Federal response to drought too slow in coming; Hoback

Randy Hoback/ Daily Herald File Photo

Prince Albert MP Randy Hoback says the current reaction from the Federal government to the drought situation in the prairies has been too slow.

Hoback, who is currently hosting a number of community barbecues in the region, sees the response as very slow in coming.

“It seems to be very reactionary. That’s some of the criticism I have on it right now,” Hoback said. “The province has been more aggressive in regards to making decisions (and) quicker to put things in place to help the cattle producers right now.”

One example he gave was the provincial changes to the crop insurance program.

“Writing off those crops down south earlier and faster so they could convert them into the livestock feed—now those are the types of actions which help producers maintain their herds and their breeding stock in dry years,” he explained.

Hoback said the recently announced federal and provincial governments plan where both levels of government agreed to an increase to the 2021 AgriStability interim benefit was a step in the right direction, but don’t necessarily go far enough.

“Those are all good measures for sure, but when you look at it there are probably a few other things to look at like the tax deferral,” Hoback said. “There are some people in positions that are just going to have to shrink their herd in order to get through the winter with the feed that they have, so don’t penalize them when they come back next year and purchase spring stock. Give them that tax deferral to do that, and to have that cash to do that. There is things like that that could be done immediately.”

He explained that droughts are not a new concept by any means and there has been consistent responses from governments like the Conservatives before 2015.

“The deferral is one that’s a no brainer. You just do that automatically so that you take that pressure off of producers, so that they know that if they do have to liquidate some herd, we are not going to get a huge income tax bill coming up on the doorstep at the end of the year.”

Hoback also suggested was improving access to the AgriInvest program so producers enlisted can get funds quicker. One tough proposition, according to Hoback, is balancing those producers who are not in AgriInvest and those who have maximized their ability to insure themselves as long term parts of the program.

He said the recent rainfall in the region over the past week will hopefully allow salvage of some hay crops for fall with a late crop of hay. The rain can also help the pastures so producers can keep cattle in pasture longer.

“But it has to keep raining,” he said.

“The other things that can be done is if we are starting to talk about climate change and seeing more and more cycles where they are drier than what we need to do to make sure we have got the appropriate infrastructure to handle that,” Hoback added.

One example of this he gave was the province’s irrigation project in the south. Hoback said there needs to be similar measures in the northern and central areas of the province.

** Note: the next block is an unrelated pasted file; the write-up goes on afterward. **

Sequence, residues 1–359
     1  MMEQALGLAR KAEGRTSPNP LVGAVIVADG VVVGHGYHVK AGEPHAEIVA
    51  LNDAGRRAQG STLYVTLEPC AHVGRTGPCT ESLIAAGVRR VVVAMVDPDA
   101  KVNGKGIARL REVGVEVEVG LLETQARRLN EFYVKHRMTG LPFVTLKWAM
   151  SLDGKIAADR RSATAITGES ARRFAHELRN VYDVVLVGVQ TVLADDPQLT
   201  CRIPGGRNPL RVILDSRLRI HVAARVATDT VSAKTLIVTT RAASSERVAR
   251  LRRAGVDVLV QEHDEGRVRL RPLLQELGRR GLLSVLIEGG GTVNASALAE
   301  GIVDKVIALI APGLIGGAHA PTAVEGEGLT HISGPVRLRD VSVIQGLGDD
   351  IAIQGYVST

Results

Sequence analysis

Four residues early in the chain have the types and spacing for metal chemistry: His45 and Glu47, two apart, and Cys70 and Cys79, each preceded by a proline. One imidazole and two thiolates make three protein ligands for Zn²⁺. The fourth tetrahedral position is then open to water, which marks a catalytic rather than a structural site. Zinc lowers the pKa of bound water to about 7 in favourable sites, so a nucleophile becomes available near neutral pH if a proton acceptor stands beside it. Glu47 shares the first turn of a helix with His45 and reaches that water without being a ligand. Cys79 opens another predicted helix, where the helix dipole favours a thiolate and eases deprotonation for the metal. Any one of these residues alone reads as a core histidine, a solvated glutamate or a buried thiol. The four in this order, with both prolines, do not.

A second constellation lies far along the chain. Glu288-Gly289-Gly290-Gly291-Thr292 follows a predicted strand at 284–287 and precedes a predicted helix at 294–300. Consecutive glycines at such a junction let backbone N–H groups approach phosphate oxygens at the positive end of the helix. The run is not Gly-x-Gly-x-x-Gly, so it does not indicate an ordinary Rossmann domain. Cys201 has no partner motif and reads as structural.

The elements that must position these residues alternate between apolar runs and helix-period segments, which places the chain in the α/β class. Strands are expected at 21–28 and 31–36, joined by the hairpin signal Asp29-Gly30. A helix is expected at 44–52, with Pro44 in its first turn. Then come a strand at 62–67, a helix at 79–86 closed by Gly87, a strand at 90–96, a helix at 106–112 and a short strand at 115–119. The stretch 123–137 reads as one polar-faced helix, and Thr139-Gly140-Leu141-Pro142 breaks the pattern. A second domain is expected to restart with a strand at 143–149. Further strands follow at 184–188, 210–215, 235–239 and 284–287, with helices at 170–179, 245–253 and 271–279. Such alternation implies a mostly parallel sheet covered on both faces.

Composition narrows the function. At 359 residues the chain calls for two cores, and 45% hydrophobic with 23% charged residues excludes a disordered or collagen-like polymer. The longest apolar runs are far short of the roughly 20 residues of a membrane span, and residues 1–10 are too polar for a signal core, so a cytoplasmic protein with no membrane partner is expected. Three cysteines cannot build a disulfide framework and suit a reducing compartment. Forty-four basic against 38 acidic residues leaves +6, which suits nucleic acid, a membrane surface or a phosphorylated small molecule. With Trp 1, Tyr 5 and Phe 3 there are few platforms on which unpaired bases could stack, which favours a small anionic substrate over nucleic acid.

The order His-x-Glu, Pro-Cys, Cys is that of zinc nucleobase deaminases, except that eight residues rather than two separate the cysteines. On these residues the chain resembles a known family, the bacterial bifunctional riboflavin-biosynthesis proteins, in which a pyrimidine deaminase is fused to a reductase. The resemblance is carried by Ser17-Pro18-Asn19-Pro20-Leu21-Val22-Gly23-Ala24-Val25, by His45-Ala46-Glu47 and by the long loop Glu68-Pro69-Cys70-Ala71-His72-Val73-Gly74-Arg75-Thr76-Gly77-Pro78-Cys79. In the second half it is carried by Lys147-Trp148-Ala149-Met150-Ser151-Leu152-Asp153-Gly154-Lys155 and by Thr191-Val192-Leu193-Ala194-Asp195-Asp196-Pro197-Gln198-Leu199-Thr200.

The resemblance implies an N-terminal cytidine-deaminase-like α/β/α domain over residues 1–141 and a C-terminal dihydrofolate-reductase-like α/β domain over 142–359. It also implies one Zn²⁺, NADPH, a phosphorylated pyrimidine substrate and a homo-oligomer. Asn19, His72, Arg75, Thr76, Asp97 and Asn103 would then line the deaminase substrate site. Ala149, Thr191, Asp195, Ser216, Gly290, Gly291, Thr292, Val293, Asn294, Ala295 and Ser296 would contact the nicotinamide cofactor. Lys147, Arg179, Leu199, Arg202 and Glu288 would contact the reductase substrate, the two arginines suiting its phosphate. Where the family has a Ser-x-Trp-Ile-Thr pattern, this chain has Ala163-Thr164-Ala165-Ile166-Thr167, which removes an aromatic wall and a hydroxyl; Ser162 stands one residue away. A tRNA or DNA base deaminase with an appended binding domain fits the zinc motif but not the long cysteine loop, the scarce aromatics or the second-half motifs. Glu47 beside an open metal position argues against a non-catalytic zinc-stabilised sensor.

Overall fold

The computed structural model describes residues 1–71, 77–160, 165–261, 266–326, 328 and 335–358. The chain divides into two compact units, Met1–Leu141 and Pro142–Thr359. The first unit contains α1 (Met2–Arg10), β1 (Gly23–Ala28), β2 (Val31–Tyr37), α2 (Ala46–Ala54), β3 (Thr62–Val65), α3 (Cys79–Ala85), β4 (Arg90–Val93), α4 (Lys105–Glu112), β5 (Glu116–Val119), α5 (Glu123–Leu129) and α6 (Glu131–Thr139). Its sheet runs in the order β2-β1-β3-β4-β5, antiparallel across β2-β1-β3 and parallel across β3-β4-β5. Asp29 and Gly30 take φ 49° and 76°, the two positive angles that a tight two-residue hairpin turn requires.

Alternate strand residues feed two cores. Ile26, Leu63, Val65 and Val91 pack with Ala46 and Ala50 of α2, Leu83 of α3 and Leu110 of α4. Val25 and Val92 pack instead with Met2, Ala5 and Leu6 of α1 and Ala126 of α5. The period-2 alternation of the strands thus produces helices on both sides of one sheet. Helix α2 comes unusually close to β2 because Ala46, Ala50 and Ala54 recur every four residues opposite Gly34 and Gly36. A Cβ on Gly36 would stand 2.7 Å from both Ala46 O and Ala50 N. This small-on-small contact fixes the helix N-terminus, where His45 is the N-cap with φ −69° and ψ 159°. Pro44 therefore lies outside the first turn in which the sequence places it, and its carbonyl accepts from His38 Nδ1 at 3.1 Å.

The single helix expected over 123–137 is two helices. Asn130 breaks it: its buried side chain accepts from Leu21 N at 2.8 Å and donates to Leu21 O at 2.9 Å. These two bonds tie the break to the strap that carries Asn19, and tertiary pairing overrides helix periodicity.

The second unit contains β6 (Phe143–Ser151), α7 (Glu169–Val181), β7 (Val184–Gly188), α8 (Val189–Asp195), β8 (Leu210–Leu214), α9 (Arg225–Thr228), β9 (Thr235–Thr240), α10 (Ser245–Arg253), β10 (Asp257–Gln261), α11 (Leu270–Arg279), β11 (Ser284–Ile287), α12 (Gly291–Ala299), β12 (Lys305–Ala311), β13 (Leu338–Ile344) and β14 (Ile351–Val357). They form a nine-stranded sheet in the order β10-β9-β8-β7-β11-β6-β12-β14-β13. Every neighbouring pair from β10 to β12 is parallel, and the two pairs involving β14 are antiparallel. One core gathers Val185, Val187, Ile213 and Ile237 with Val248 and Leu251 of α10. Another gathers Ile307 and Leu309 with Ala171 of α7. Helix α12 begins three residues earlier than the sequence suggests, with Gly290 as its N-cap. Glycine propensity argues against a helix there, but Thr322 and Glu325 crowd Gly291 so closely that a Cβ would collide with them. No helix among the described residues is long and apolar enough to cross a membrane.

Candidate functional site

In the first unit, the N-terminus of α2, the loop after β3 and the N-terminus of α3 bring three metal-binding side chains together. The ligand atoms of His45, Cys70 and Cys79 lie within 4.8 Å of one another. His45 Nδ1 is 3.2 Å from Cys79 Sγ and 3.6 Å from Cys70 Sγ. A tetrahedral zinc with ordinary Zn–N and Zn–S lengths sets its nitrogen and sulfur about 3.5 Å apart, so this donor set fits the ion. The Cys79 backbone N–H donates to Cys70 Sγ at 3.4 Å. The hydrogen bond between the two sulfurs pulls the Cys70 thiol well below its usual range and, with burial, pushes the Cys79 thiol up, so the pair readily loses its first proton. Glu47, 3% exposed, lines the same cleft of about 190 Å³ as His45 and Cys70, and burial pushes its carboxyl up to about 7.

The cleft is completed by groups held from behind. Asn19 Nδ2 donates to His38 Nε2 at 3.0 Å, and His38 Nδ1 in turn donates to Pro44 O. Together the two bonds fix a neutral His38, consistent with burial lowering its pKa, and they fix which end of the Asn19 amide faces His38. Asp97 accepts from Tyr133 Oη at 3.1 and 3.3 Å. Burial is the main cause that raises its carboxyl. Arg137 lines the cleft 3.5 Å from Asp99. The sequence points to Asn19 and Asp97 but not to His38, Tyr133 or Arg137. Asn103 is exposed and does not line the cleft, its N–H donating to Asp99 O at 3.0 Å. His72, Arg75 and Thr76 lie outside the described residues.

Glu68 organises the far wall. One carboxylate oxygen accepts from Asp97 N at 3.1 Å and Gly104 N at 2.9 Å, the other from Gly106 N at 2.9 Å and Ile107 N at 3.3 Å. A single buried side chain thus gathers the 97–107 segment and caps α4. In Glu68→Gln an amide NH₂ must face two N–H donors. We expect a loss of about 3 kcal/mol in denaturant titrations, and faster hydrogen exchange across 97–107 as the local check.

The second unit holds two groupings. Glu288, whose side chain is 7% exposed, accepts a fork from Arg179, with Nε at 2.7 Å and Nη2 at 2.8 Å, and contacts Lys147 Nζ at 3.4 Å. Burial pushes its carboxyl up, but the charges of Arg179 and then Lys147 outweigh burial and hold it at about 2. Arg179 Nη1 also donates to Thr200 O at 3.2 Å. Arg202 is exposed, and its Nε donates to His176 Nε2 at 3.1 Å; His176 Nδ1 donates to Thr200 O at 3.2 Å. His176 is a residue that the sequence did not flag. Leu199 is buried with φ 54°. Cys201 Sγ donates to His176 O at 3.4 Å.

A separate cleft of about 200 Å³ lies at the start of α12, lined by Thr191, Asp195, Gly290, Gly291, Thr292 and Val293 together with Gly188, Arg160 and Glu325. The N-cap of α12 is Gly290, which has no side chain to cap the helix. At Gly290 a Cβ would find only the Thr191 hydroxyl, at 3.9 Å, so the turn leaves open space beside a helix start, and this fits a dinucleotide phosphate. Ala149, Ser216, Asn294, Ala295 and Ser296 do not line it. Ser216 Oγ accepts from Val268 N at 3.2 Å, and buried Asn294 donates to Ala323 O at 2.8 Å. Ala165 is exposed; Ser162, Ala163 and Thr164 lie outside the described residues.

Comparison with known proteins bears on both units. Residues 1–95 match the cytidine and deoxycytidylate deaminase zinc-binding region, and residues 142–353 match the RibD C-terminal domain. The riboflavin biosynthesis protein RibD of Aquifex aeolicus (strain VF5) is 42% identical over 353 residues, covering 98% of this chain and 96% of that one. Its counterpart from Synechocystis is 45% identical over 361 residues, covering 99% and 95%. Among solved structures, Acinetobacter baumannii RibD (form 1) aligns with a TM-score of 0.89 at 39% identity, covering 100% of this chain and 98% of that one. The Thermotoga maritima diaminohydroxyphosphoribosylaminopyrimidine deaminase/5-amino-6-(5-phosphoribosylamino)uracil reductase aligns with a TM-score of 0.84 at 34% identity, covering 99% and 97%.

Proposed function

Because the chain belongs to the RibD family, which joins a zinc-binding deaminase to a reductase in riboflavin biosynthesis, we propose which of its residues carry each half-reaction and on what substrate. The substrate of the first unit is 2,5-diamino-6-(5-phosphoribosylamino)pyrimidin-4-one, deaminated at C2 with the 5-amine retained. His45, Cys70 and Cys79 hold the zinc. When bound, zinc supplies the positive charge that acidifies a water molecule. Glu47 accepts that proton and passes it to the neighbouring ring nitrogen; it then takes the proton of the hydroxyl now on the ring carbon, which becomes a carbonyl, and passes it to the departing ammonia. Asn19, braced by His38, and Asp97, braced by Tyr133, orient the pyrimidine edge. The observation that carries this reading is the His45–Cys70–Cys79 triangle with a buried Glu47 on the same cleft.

“That’s where I think we have got to be putting some resources to make sure we can drought-proof our province,” Hoback said,

For grain operations, new concepts in zero tillage and genetics are helping crops grow with minimal moisture. Hoback said he expects that to improve with research in genetics and variants in the next five years.

“Those are some things that I think are paying dividends that were investments made before 2015 when there was a Conservative government in place to get us down that path to get our most efficient use of water from our genetics coming out of the plant,” he added.

What Hoback has been hearing during his barbecues, including one at Paddockwood on Monday, was that crops in the area are average.

“They are actually fairly thankful for an average crop,” he said. “They are looking at above average prices and now is the nervous season. They are so close to getting it to the bin and you don’t want to see that early frost, (and) you don’t want to see that hailstorm. You just want a normal fall with lots of sunshine, then get it off and get it in the bin.”

His barbecues continued in Nipawin on Tuesday and from his observation crops have looked good all year long.

“Again, it is the final push to get them in the bin, I hear they might need a few more weeks before they start harvesting but when we go further south in Melfort and Tisdale and south there grain crops are pretty well set there is no more yield to be had and they are going to take what they get and it’s not good. I feel for those guys for sure,” Hoback said.

Federal Agriculture and Agri-Food Minister Marie-Claude Bibeau said the government is doing everything it can to help farmers. Bibeau said they’re sensitive the problems caused by the drought, which is why they increased the payment percentage from the 2021 AgriStability interim benefit payment.
“My heart goes out to those farmers and ranchers feeling the impacts of the drought,” Bibeau said at the time. “We are working closely with provinces to get farm families the support they need as soon as possible. By unlocking more AgriStability funds through interim payments, we can get more cash in hand for farmers who are making tough decisions in a difficult situation and I urge other provinces to request the same if needed.”